MS. ASCH-GOODKIN is a contributing editor for <italic>Contemporary Pediatrics</italic>.
Of all the risks that adolescents take, substance abuse is probably numero uno on the parental worry list. So findings on what, when, where, and how much adolescents drink or use illicit drugs are always of interest. The news, as is often the case, is mixed.
On the bright side, the latest National Survey on Drug Use and Health from the federal Substance Abuse and Mental Health Services Administration (SAMHSA) reports a modest decline in the percentage of respondents between 12 and 17 years old reporting illicit drug use-from 11.6% in 2002 to 10% in 2005. The percentage reporting using marijuana within the past months also decreased, minimally, from 8.6% to 8.2% over the same period. Said John Walters, director of the White House Office of National Drug Control Policy: "Twelve- to 17-year-olds are signaling a positive change in behavior that is broad, strong, continuing, and affects both males and females."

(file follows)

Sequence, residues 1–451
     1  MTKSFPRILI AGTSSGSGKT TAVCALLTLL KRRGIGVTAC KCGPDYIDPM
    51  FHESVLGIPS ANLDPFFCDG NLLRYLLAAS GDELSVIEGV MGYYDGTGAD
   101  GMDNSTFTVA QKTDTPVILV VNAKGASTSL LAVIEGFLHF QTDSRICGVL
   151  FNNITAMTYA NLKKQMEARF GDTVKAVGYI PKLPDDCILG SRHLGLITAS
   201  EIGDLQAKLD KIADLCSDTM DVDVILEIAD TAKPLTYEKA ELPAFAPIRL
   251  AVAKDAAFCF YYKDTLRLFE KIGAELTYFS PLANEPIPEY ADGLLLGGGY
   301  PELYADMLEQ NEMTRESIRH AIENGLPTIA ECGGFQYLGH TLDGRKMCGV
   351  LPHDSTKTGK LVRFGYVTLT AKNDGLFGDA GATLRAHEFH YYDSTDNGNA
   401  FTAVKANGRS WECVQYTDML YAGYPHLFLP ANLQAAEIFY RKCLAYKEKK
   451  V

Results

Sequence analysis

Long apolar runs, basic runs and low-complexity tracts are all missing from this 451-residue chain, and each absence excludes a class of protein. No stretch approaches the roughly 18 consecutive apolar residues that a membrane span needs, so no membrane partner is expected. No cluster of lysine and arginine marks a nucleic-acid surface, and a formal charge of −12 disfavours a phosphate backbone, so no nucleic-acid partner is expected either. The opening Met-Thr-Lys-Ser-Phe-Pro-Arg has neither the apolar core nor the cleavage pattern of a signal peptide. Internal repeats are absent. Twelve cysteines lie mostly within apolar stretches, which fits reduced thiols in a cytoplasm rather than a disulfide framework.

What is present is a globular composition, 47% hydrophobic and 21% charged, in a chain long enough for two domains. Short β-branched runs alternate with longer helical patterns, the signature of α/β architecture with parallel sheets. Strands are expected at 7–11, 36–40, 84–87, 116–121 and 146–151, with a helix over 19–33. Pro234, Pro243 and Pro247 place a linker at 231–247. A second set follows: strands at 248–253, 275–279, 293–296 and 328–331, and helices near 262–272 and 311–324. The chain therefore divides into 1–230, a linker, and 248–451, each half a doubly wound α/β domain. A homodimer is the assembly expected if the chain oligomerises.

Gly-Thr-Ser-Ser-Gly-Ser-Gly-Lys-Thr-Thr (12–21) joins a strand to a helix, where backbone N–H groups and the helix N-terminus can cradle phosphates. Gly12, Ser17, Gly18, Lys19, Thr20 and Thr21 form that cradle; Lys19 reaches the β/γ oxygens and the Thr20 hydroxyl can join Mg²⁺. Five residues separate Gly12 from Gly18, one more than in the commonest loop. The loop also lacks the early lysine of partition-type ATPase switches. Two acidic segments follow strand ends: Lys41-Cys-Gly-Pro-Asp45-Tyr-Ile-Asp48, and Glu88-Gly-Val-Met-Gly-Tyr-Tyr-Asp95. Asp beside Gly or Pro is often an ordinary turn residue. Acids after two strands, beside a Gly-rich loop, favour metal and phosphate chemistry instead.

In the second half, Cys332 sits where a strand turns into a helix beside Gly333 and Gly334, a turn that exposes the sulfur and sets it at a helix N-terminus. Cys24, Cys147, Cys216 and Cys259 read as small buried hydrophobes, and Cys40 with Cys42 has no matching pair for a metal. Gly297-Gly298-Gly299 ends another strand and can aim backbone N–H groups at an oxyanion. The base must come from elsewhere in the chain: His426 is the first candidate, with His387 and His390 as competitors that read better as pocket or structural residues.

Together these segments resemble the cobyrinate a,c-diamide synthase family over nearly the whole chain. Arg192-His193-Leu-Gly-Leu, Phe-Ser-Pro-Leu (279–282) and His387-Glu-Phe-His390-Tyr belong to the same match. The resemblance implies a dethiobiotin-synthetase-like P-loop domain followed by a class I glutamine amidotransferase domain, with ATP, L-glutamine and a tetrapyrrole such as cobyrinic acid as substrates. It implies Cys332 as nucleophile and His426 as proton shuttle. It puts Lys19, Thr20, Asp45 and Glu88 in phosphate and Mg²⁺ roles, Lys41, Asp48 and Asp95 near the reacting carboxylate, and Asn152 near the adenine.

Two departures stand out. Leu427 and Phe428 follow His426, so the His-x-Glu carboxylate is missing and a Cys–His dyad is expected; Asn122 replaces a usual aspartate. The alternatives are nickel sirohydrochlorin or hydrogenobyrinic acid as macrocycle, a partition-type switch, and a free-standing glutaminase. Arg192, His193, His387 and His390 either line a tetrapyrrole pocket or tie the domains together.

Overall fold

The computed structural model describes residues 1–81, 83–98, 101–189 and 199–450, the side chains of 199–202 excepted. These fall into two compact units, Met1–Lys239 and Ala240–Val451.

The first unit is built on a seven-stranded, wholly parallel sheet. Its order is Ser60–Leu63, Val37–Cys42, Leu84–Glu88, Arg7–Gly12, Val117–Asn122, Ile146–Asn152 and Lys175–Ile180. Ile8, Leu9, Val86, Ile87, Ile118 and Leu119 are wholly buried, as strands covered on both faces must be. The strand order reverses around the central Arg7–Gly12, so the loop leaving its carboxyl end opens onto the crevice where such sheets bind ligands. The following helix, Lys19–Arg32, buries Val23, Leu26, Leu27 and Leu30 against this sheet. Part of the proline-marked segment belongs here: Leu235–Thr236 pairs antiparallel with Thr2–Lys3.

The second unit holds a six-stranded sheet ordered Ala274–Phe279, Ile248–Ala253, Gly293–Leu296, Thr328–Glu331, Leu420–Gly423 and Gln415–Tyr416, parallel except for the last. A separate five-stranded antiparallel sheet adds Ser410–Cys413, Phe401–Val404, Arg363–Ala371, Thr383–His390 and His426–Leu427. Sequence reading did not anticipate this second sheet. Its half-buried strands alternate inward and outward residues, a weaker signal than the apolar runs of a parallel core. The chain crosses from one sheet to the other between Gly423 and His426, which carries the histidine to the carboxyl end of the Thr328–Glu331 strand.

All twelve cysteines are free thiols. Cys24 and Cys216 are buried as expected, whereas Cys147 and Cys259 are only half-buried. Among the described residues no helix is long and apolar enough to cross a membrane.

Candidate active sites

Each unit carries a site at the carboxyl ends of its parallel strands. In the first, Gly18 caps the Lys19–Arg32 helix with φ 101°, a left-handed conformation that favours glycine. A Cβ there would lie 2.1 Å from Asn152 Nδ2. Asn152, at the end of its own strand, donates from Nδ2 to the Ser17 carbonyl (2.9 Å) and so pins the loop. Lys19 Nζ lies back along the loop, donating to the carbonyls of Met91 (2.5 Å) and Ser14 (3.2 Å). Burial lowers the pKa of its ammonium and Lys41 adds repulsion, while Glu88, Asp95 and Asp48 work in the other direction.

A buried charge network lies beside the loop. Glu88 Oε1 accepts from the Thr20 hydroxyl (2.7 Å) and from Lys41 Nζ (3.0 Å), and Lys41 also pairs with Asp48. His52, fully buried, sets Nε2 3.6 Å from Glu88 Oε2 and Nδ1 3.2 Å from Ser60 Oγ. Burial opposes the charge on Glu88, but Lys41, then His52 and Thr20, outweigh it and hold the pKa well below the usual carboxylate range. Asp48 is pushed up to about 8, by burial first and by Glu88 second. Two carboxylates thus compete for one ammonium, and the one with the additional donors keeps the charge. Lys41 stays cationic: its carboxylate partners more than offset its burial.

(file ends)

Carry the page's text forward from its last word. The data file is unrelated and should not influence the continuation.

On a less pleasant note, Columbia University's Center on Addiction and Substance Abuse (CASA) reports that one third of teens and nearly one half of 17-year-olds attend parties at which parents are present while the youngsters are drinking, smoking marijuana, using cocaine or Ecstasy, or misusing prescription drugs. Joseph Califano, CASA's chairman and former US Secretary of Health, Education, and Welfare, said: "Too many parents fail to fulfill their responsibility to chaperone their kids' parties. They have no idea how drug and alcohol-infested their teens' world is. The denial, self-delusion, and lack of awareness of these parental palookas put their children at enormous risk."